Japanese Hard Cover

The Japanese hard cover is made with hinged boards. In this demo I will make two separate boards as it is a little easier than joining everything around the spine (but this is definitely possible). I will also show you how to make a recess in the boards for inlaying artwork.

1. Assemble all your pages before you start and find a piece of grey board that is large enough for two covers with the grain direction running the same way as the spine. Cut two boards slightly larger than (or the same size as) the pages – say an extra 1mm on each edge.
2. Each board is cut into 3 pieces. The first cut is made about 2cm from the spine edge and then another about 4 or 5 mm along. Do the same with the second board.
3. The skinny piece will act as a spacer bar to help realign the boards when they are stuck to the cover material and, to get them in exactly the right place, I have added some pencil marks to help with this.

Miss out the next step if you don’t want to create a recess in the cover.

4. Use PVA to stick the boards down to a piece of thin card. Press them down well, especially at the edges.

5. Cut thin card to board edge and cut recess:

6. Use the thin spacer strip when you stick the two pieces of cover board to the covering material. Don’t glue the spacer in – it is just used to get the boards in the right place. Remove it once the two boards are in position.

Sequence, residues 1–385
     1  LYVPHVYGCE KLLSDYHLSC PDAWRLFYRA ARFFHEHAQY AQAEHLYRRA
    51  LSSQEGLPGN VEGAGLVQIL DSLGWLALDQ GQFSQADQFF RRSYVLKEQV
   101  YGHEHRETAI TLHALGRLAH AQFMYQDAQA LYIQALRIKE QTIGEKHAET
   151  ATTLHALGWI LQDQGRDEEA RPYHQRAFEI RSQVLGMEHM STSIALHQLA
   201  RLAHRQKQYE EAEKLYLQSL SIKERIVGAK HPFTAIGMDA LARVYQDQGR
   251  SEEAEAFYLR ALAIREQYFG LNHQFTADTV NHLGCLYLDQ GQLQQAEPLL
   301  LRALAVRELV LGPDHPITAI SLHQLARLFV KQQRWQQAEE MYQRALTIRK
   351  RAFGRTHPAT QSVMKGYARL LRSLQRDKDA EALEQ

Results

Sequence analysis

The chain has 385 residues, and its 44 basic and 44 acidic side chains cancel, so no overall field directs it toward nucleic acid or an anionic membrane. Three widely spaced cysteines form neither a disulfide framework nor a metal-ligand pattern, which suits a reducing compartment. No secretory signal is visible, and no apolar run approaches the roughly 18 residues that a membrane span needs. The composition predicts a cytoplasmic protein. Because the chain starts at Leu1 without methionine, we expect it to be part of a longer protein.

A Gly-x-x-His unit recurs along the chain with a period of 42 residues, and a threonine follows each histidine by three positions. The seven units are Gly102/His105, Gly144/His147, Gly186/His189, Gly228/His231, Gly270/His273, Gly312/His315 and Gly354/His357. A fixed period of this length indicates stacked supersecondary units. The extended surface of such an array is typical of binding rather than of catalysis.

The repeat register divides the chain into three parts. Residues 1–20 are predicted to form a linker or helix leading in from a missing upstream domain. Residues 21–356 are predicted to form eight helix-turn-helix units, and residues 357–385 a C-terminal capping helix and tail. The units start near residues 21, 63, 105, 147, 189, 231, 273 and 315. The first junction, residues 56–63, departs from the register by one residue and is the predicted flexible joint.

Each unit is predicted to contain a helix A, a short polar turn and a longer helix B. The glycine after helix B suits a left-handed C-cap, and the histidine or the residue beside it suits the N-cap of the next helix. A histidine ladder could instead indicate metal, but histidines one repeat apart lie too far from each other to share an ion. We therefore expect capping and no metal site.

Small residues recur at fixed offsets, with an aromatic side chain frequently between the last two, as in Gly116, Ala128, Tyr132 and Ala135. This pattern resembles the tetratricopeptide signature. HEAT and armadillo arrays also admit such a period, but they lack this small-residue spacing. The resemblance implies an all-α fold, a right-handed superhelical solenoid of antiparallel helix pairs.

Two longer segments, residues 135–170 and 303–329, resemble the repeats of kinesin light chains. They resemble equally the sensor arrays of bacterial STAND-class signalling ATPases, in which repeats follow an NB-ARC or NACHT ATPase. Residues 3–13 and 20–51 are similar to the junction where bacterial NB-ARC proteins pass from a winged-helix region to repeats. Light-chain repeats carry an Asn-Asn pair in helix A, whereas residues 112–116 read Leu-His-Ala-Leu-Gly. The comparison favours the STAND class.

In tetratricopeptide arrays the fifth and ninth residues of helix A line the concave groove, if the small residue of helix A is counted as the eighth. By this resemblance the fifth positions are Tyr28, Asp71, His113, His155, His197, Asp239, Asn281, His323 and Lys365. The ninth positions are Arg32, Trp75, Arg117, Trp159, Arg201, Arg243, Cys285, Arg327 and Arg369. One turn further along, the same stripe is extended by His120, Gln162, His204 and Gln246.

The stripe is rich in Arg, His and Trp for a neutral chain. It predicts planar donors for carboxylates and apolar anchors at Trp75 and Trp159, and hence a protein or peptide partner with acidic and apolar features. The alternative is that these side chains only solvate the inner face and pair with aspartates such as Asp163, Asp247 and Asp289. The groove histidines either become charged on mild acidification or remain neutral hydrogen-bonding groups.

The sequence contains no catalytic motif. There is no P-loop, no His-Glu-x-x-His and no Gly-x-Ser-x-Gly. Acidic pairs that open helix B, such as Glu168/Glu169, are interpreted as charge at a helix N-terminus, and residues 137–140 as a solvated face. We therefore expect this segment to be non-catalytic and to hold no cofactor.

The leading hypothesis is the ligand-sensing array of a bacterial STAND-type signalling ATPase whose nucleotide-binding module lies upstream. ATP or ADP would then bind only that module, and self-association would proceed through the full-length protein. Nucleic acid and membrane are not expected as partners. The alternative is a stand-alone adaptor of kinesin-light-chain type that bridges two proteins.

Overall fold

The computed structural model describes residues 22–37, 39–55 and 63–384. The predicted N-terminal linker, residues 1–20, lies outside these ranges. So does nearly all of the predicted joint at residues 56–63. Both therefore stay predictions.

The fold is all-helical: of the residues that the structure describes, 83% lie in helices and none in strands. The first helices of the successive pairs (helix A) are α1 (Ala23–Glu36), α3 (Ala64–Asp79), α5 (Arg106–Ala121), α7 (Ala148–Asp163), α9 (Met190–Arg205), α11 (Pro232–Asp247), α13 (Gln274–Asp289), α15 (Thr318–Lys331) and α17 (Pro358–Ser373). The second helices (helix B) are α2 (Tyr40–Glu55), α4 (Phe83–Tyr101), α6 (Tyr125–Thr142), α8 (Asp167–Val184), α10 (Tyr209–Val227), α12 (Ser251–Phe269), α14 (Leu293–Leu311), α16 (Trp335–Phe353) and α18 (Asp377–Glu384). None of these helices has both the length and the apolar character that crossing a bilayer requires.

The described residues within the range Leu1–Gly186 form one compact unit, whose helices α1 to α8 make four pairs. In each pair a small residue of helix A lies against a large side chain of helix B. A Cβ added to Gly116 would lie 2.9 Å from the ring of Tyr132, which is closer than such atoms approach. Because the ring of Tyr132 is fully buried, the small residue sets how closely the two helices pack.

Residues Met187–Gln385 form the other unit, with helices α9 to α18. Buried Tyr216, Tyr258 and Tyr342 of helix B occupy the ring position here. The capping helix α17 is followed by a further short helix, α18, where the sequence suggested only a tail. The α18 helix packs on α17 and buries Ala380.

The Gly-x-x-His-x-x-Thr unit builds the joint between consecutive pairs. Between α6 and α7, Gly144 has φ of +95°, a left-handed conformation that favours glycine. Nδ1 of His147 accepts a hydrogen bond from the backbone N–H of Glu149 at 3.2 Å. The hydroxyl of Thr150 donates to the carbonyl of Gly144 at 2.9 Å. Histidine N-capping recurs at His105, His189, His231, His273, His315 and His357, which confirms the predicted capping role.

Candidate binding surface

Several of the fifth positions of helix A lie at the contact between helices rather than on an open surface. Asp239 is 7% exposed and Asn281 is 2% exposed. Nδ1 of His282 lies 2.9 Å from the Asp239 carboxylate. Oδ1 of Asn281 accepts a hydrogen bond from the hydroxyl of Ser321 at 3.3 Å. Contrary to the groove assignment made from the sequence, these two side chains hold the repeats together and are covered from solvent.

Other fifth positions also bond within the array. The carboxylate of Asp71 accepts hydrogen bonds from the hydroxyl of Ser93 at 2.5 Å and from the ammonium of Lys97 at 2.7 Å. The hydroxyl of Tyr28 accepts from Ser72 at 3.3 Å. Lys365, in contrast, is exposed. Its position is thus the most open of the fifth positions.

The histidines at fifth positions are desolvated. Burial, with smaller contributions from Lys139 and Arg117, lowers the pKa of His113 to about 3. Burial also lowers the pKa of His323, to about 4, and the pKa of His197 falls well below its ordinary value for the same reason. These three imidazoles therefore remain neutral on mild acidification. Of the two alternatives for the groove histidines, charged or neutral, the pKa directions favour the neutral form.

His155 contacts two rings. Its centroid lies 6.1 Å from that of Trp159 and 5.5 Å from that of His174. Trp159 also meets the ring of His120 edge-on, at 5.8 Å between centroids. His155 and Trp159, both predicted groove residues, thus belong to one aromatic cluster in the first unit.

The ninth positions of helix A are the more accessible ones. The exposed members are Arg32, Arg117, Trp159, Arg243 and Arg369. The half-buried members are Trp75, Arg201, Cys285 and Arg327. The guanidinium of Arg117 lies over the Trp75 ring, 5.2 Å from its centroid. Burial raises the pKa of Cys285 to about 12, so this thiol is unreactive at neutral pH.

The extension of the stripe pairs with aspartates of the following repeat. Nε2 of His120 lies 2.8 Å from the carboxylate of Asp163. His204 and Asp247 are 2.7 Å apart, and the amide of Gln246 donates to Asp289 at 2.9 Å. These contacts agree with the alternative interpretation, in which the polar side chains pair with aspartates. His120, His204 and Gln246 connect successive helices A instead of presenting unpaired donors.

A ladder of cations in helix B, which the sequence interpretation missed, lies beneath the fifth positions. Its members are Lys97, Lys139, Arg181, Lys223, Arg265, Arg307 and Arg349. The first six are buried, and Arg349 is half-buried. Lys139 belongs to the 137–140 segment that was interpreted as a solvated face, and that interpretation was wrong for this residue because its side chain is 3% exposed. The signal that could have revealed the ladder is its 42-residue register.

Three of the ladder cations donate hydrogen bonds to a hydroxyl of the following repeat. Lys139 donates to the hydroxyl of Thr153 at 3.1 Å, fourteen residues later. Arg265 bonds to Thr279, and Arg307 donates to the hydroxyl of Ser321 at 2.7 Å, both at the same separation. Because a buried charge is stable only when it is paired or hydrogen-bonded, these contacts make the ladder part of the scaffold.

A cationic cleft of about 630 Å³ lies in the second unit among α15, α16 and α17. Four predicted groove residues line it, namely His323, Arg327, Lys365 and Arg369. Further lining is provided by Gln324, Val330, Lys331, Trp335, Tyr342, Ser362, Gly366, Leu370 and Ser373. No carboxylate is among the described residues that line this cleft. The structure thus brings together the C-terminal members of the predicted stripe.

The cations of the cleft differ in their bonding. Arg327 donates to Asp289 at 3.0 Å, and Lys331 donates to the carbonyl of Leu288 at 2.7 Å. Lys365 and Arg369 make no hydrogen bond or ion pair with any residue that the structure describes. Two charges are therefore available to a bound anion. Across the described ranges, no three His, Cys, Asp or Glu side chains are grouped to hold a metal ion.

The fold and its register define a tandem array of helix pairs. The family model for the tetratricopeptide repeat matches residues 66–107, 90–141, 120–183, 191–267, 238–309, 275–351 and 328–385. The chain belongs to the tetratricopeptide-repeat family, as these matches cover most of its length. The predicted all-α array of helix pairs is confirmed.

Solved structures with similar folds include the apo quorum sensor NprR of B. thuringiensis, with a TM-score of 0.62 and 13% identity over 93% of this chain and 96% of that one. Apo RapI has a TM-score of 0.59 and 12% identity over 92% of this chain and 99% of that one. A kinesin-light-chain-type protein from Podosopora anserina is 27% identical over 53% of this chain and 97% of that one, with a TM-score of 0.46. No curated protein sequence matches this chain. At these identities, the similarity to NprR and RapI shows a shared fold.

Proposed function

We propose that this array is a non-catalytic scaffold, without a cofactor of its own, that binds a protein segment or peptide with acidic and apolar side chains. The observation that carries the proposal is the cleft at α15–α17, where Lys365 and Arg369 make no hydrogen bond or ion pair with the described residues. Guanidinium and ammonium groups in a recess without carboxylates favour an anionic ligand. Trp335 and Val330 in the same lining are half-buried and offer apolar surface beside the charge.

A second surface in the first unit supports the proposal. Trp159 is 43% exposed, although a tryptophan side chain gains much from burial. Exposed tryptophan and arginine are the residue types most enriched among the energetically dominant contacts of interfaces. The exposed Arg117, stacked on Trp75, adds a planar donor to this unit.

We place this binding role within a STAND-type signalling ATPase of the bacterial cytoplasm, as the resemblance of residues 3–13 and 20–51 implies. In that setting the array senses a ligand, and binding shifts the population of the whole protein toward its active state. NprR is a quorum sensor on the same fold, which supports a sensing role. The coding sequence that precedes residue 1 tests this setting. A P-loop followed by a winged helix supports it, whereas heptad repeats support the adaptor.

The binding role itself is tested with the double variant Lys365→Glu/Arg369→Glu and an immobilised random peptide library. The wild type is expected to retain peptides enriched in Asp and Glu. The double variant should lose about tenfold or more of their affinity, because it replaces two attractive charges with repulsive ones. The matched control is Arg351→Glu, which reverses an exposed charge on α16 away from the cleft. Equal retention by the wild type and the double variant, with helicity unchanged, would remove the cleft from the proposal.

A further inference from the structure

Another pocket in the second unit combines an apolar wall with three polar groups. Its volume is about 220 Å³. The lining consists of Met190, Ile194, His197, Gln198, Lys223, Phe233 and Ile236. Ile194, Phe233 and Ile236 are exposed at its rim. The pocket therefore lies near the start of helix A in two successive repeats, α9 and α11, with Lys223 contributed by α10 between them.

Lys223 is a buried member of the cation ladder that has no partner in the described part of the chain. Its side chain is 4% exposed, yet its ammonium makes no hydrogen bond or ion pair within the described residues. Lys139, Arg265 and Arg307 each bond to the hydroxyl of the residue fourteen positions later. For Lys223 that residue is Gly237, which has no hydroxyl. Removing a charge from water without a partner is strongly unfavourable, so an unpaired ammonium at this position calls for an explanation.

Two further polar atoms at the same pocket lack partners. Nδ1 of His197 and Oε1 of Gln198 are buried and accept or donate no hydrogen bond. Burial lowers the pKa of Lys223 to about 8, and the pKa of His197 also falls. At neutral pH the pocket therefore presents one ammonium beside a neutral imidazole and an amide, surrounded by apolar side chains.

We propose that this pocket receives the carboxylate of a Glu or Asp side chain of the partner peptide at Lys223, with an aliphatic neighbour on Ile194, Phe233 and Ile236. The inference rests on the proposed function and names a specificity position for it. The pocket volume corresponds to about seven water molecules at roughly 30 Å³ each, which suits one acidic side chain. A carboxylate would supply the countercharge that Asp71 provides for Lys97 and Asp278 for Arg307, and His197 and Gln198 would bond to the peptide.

7. If you have a recess in the cover, stick this piece down first and then press it straight away into the shape as shown in the video:

8. Trim borders all round to about 2cm. Use your corner cutter to trim out four corners.
9. Use PVA to stick down borders and corners in the usual way. Then cut an extra strip of paper or thin fabric to line the hinge on the inside and when you stick this piece down, push it gently into the groove.
10. Finish the board by lining with paper on the inside. Finish the second board in the same way. Leave to dry under weight.
11. So now it is time to make the holes so that we can sew the whole thing together. Not so easy without the lovely power drill that we have in the workshop but I used the Zenith hand drill and it worked fine. It might be possible to use a Dremel for this – or the Japanese screw punch.
If you cannot afford to invest in any of these punches or drills trying making holes with a hammer and a nail! Have some scrap board underneath so that you don't make holes in your table top.

12. I have designed the sewing pattern to need just two holes to make this step a little easier.

13. Finally, sew everything together.
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